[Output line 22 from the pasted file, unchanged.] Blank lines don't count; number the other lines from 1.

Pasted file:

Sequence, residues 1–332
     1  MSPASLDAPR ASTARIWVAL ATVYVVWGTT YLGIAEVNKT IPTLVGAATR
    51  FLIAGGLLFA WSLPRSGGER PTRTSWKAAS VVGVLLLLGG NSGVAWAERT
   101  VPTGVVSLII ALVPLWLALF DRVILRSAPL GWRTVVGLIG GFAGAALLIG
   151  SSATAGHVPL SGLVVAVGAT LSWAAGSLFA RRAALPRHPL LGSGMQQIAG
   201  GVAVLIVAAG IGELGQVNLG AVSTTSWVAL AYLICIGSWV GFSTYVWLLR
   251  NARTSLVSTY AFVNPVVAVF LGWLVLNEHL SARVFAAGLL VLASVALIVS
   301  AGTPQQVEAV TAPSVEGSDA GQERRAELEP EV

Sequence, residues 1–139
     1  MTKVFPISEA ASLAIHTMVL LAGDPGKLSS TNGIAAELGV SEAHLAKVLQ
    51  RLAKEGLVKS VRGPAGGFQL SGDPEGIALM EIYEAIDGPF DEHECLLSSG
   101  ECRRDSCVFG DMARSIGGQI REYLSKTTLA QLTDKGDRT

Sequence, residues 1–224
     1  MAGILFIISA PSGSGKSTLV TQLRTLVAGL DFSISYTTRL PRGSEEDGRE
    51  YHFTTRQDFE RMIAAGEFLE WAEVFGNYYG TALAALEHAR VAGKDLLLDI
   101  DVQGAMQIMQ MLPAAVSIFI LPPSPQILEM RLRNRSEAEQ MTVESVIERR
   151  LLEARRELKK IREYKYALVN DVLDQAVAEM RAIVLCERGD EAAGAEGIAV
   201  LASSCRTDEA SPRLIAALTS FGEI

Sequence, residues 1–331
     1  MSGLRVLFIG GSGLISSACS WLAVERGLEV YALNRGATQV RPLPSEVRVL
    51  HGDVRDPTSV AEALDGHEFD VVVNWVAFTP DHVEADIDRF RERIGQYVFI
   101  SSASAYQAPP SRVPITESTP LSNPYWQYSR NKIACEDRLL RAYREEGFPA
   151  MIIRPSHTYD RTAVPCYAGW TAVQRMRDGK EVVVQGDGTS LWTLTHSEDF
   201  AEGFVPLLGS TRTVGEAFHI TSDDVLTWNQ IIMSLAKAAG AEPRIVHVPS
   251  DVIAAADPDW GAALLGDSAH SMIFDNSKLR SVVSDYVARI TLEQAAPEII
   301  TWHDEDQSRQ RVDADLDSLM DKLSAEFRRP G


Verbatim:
   101  SSASAYQAPP SRVPITESTP LSNPYWQYSR NKIACEDRLL RAYREEGFPA